Ginger, a nine-year-old, San Francisco-based behavioral health coaching app, has raised $7.5 million in funding from Health Velocity Capital. More here.
HowNow, a three-year-old, London-based workforce learning platform, has raised £2.4 million in seed funding led by Fuel Ventures. TechCrunch has more here.
Incode, a four-year-old, San Francisco-based facial recognition company designed to verify identities, has raised $10 million in seed funding from investors the company has declined to disclose. VentureBeat has more here.
Speechmatics, a 10-year-old, Cambridge, England-based developer of speech recognition software, has raised £6.35 million in Series A funding led by AlbionVC, with participation from IQ Capital. More here.
StepLadder, a four-year-old, London-based savings platform that helps users set aside a deposit on a future home, has raised £1.5 million in seed funding from the Spanish banking giant BBVA and the fintech-focused venture firm Anthemis. TechCrunch has more here.
Tonkean, a 4.5-year-old, San Francisco-based robotic automation and management platform for workflows, has raised $7.2 million in seed funding led by Foundation Capital, with participation from Magma Venture Partners and Slow Ventures. More here.
|From the WSJ: “Barneys New York is moving forward with the sale of its brand and assets to a licensing company, but the bankrupt retailer hasn’t completely shut the door on a rival bidder that would keep its stores open. A lawyer for the luxury retailer, which filed for chapter 11 protection in August, said Barneys will cancel an auction next Monday after no other qualified bidders emerged to challenge a $271 million offer from Authentic Brands Group and investment firm B. Riley Financial.” The deal will receive approval next Thursday, Halloween, unless something better materializes.
Will.i.am’s technology company i.am+ is running out of money, according to current employees, company emails, and documents obtained by The Verge. More here.
Sequoia Capital founder Don Valentine passed way at his home in Woodside, Ca., today at age 87 of natural causes. Sequoia posted a tribute to Valentine shortly afterward, calling him “one of a generation of leaders who forged Silicon Valley.” A native of New York, Valentine majored in chemistry at Fordham University before joining Raytheon in South California, then moving north to the Bay Area to work at Fairchild Semiconductor, where over the years, Valentine began investing his own small checks into technology companies that he was meeting. According to Sequoia Capital, he soon attracted the attention of an early mutual fund group, Capital Group, which staked Valentine, allowing him to form a $3 million venture fund in 1974. Among his first bets from that pool of capital: Atari and Apple. More here.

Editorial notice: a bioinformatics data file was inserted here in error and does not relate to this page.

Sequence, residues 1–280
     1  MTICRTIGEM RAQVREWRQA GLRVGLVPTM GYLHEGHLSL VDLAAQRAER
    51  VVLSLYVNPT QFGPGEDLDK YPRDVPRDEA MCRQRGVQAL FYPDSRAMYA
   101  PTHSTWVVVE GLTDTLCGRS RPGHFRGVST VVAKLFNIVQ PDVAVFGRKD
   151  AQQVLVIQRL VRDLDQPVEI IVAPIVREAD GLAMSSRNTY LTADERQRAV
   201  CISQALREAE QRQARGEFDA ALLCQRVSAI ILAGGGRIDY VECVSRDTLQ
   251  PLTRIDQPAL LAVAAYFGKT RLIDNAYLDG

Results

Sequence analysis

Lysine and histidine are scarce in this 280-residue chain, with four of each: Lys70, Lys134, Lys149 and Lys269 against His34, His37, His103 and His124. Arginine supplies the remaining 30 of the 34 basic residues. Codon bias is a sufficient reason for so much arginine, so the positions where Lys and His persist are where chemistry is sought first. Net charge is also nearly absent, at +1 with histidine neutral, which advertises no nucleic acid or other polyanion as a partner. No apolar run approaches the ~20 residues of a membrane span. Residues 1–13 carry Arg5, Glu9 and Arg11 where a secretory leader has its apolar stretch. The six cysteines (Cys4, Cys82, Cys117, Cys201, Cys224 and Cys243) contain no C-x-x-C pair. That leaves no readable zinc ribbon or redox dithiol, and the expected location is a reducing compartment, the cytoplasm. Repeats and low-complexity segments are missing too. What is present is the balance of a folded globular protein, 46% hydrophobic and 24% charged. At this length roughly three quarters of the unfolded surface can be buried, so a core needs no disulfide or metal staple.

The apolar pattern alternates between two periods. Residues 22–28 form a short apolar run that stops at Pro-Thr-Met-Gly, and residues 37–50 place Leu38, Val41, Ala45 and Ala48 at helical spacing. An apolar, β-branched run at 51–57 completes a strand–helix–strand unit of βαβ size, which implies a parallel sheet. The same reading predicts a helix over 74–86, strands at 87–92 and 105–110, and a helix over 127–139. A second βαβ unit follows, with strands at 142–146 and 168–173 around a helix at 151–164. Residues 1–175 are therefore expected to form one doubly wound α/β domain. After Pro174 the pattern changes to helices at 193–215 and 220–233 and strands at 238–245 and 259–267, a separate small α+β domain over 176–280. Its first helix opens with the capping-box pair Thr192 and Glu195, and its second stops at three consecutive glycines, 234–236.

DoorDash Tony Xu confirmed at a WSJ conference this week that DoorDash will join ride-hailing companies Lyft and Uber to spend a combined $90 million on a ballot measure focused on AB5, the new California law designed to classify independent contractors as employees. “It would have disastrous results if it’s implemented because it’s trying to impose an imperfect solution into a very big problem,” Xu told the audience. “The net impact of AB5 would be a lot of lost economic opportunity and income for the state of California.” More here.
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|Google CEO Sundar Pichai, in a leaked video published by the Washington Post, says the company is “genuinely struggling” with employee trust, including over its hiring a former government official who backed the Trump administration’s travel ban. In the video, he adds that he tries “to understand when I feel there is something which caused breaking of trust and see what we can do to improve,” adding that “it’s definitely gotten harder to do this at the scale we are doing it.”
“Once Upon a Time in Hollywood” is returning to cinemas with four previously deleted scenes included.
Your job will never love you back.
Emotionally haunted house.
|A solar-powered, energy-neutral home, and it floats.